The women's laughter continued as they gave a tour of their temporary home. The house plant. The warm bottle of white wine in the tall wooden basket. The shelf that doubled as a card table. The sheet that doubled as a curtain. Every throw pillow Morris' parents own.
"We were hoping to find some macrame that we could dangle outside," Mulvihill said. "But this is all we've got."
The Palmer weekenders
Cindy caught Larry's eye when she worked with his sister. Larry used to come around to visit.
"Maybe I should go over there a little more often," he remembered thinking. Eventually, his sister made the introduction.
"We were at Costco," Cindy said. "I met him by the beef jerky."
On a recent morning, the couple walked through Seward's RV campground together with matching coffee mugs. Larry has been an RV camper for 20 years, he said.
"I was kind of a tent camper until I met him," Cindy said. "Now I kind of like my amenities."
Often strangers stop to chat when they're sitting by a campfire on the Seward beach. Sometimes those strangers become friends when they return night after night to swap stories. The couple from Palmer sold their camper last spring, but it wasn't long before they craved another one.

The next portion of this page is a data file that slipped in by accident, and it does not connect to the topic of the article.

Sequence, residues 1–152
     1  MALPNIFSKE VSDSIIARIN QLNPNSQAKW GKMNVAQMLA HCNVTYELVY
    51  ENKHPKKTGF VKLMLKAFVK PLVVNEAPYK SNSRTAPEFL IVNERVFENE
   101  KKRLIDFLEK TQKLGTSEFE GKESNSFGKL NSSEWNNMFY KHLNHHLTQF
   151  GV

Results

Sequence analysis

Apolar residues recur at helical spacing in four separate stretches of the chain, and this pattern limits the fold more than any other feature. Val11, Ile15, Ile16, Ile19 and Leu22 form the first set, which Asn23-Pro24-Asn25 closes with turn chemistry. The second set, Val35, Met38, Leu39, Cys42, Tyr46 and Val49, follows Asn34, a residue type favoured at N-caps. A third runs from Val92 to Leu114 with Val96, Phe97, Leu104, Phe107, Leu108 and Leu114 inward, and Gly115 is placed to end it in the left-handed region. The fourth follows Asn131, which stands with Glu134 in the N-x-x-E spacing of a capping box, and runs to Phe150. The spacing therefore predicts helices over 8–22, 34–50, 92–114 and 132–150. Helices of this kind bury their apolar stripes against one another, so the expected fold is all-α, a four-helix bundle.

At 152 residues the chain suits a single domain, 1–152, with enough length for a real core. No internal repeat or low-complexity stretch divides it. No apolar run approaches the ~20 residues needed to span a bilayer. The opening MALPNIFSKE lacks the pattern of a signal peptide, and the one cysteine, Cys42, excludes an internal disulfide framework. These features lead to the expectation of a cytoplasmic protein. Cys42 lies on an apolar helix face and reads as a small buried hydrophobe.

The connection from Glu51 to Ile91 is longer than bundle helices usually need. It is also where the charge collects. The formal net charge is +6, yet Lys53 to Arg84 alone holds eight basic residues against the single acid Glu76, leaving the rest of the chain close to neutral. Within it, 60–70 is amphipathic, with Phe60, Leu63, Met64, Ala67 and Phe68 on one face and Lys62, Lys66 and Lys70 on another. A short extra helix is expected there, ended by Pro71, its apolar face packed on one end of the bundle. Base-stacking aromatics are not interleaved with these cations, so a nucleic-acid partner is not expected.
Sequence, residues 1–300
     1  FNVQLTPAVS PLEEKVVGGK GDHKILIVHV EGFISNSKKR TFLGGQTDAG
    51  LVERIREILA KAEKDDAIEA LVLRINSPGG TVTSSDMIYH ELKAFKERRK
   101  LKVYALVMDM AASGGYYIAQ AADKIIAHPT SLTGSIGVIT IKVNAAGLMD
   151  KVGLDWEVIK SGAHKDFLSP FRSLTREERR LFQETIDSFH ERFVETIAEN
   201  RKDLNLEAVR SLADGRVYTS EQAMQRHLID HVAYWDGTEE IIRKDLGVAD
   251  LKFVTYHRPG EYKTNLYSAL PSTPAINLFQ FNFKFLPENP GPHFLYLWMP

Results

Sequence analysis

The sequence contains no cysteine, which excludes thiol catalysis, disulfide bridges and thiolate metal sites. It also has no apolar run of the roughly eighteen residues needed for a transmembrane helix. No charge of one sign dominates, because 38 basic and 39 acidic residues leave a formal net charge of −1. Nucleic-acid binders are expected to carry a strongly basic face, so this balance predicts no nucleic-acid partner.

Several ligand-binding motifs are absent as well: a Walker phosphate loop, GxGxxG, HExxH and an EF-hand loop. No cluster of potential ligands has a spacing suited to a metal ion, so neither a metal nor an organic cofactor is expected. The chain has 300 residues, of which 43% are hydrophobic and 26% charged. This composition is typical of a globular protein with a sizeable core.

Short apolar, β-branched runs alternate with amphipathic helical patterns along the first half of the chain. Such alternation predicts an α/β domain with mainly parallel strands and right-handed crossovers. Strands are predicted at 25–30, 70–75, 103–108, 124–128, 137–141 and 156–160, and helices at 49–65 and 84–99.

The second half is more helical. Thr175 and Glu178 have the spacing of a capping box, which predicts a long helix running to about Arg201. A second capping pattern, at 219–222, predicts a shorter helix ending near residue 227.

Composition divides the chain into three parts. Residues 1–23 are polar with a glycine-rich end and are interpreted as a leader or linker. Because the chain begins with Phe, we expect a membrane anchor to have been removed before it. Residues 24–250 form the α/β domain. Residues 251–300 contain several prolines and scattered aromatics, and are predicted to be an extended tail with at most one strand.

"We wanted something a little different, a little bigger, to have a couch to socialize with," Larry said.
Ryan Shaver had to wait for it, but he and his family eventually scored what he called the best RV spot in Alaska. They had spent the previous evening farther inland hoping a waterfront spot like this would open up.
"I guess that's why you have an RV," he said. "You can sleep anywhere."
Ryan and Jessica Shaver met in pharmacy school in North Carolina. They bought their RV for their move from Texas to Anchorage so Ryan could take an Air Force job at the hospital on Joint Base Elmendorf-Richardson. They took 30 days to make the trip, winding through Canada on the way.
Nowadays, trips in the RV include their kids, Liam, 3, and Rinette, 1, and their two dogs, Geppetto, a Dalmatian, and Ali Bears, a Weimaraner.
Jessica said Liam's ears perk up whenever there's talk of a family RV road trip.
"He knows that he's going to get s'mores at night," she said.